How to Make the Most of Your Limited Small Business Marketing Budget•
Posted on June 26 2014
Small businesses are always fighting against the bottom line. They have to always worry about where the money is coming from, and where it’s going, and how to best streamline the entire process so that they can maximize their limited resources. Sure – if money grew on trees, you could throw any amount of money at any issue, and solve it clean as can be. But if you run a small business, you know that a poorly-thought-out or poorly-planned major marketing strategy could ruin you if it fails. And since there’s no sure thing in the world of marketing – what can you do?
First of all, when testing out a new marketing strategy, you’re going to want to start small. In traditional business practices, a marketing strategy may last six months – or more. In this day and age with a larger ability to track the effectiveness (click-throughs, views, followers, etc), we can get away with a shorter run for a marketing strategy and extrapolate its effectiveness more convincingly than we ever could a generation ago. Since a lot of marketing is done online which is cheaper and has a larger reach than the former go-to ways of marketing, you can create 3-5 different images or campaigns and pit them against each other immediately and test the results easily, after even just two weeks. Two weeks online now is the same as six-months of data 20 years ago, and the amount of demographic information that can be gleaned is mind boggling.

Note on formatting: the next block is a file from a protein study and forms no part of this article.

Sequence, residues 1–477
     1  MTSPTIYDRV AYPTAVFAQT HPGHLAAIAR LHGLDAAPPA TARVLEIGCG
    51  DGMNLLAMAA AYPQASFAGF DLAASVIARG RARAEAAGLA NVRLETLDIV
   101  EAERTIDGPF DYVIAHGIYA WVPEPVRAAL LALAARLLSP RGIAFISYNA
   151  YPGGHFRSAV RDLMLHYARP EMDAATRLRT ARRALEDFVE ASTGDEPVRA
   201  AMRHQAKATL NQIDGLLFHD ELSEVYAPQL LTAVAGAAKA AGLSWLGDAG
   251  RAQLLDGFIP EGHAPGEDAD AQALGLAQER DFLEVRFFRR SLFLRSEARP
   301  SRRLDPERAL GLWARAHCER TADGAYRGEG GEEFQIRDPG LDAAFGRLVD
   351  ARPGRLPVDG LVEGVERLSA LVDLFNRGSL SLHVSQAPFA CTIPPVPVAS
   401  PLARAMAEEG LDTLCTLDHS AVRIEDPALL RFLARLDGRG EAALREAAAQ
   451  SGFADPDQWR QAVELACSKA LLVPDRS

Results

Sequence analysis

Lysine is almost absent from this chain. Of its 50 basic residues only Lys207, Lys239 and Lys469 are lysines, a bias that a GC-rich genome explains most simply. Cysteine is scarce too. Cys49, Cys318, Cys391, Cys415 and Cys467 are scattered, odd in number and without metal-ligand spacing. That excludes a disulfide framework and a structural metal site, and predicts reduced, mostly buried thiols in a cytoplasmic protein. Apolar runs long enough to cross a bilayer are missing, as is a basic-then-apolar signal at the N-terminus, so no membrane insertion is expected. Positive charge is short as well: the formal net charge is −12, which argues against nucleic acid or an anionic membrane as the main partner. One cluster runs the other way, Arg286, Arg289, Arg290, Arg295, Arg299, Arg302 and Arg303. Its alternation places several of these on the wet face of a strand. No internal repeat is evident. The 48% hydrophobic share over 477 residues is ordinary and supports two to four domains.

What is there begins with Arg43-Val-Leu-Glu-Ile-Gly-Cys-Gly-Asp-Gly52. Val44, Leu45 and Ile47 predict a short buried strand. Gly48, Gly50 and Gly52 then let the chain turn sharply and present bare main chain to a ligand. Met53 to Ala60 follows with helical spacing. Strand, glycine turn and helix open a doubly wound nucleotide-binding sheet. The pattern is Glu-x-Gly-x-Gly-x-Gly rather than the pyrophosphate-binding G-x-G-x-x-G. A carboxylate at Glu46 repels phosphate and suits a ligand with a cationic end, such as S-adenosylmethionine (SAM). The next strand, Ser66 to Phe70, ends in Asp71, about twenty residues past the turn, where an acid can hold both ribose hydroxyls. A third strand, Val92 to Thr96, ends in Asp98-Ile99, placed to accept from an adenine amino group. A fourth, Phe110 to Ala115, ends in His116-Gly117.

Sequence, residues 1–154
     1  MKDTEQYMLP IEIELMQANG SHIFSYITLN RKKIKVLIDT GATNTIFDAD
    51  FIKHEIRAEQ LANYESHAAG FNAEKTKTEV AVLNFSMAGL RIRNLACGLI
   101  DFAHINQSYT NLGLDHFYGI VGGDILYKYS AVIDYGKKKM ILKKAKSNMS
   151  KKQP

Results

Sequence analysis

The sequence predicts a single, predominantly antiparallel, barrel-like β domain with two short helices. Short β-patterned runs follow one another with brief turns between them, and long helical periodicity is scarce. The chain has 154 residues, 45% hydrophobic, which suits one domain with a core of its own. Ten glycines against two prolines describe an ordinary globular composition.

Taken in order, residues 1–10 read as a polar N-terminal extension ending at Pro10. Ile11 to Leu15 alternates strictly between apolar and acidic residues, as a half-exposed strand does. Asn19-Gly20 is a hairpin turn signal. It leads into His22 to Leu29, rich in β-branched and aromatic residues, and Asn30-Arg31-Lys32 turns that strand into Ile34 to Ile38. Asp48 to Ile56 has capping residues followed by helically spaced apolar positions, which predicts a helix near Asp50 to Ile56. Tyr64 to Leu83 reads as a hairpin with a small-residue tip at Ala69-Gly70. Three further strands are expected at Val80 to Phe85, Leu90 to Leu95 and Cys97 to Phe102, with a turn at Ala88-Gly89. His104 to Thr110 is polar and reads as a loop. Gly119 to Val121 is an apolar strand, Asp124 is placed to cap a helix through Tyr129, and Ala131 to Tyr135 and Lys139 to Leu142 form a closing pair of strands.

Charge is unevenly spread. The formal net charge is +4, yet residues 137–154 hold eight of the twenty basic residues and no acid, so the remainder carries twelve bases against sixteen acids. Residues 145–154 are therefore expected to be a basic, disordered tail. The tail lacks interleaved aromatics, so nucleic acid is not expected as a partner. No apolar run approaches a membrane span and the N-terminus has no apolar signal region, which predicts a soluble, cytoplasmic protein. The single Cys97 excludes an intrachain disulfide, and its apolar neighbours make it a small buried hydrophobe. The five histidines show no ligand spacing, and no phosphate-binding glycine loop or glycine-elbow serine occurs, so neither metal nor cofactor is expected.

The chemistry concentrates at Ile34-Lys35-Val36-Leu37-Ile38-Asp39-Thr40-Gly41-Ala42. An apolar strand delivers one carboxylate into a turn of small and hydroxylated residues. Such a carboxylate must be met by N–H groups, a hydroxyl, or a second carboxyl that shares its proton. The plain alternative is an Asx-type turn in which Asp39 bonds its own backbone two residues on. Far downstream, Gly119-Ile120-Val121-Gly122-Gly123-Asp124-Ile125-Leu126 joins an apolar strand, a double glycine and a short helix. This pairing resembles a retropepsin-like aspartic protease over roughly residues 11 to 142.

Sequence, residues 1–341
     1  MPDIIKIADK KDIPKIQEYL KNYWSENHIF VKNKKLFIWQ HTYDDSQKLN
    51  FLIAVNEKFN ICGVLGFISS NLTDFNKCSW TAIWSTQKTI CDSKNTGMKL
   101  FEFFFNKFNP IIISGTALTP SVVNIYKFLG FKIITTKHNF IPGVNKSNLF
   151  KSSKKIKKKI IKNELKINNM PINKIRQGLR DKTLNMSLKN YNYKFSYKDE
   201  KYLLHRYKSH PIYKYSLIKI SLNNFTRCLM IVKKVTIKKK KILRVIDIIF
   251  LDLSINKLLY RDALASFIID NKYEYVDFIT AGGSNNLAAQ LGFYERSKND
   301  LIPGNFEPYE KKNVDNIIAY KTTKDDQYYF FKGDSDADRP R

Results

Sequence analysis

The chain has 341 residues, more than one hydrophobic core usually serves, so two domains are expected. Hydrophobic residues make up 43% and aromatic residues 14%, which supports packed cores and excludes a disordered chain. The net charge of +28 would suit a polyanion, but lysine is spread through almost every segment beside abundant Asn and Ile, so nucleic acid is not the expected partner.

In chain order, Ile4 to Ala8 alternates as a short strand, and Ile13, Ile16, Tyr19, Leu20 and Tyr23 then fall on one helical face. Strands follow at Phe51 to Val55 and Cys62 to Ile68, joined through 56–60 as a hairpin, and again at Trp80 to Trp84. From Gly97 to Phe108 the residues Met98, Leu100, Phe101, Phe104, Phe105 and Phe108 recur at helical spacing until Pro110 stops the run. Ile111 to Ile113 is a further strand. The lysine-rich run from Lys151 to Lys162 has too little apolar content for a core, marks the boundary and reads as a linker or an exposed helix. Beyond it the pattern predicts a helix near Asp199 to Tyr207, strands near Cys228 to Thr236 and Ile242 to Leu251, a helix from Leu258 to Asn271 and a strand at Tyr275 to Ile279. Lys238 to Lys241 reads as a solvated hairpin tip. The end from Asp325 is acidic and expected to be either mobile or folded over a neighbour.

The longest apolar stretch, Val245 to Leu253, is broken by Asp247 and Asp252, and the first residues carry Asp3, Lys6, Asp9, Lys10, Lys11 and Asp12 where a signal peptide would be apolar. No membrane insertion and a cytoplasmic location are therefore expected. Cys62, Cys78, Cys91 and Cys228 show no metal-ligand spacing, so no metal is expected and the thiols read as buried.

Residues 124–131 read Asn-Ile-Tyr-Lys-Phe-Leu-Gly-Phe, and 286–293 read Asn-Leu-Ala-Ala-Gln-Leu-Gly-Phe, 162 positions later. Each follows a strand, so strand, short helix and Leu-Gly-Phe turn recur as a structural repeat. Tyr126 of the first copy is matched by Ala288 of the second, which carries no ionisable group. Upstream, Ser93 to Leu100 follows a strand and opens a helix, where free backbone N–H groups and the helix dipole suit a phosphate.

Second, in this day and age, we have an amazing ability to connect with our clients and customers. We no longer have to rely simply on a focus group that we then hope can be indicative of the greater public’s perception of our marketing strategy. People love to have their voices heard, and with Facebook and Twitter so popular, you can engage those who were attracted to, or turned off from, your product on this social media platforms. Go ahead and reach out to your customers and ask them point blank what attracted them to you. You can even offer an incentive – a raffle for a gift card or something similar – to encourage folks to answer your questionnaire truthfully. Surveys are cheap if not free, and people are already used to answering them. Even the idea of a lottery to win a gift card could inspire someone to spend the 5 minutes on answering the questions. The information you acquire will be invaluable.
Lastly, as we said earlier about two weeks now being the same as six months in the past, similarly, you must be willing and able to switch gears quickly and efficiently. If a campaign isn’t working, let it die, don’t sweat it, and move on. Pull the plug and cut your losses – if you’re doing it right, your losses at that point shouldn’t be too great. It doesn’t do any good to poll your customers and to try these two-week campaigns if you don’t listen to the results and react accordingly. The internet has such a wide reach that you can get really valuable information even in just a few hours. There’s no point investing a single second more of time on a campaign you know is not working. Don’t chase bad money with good, is the old poker adage.
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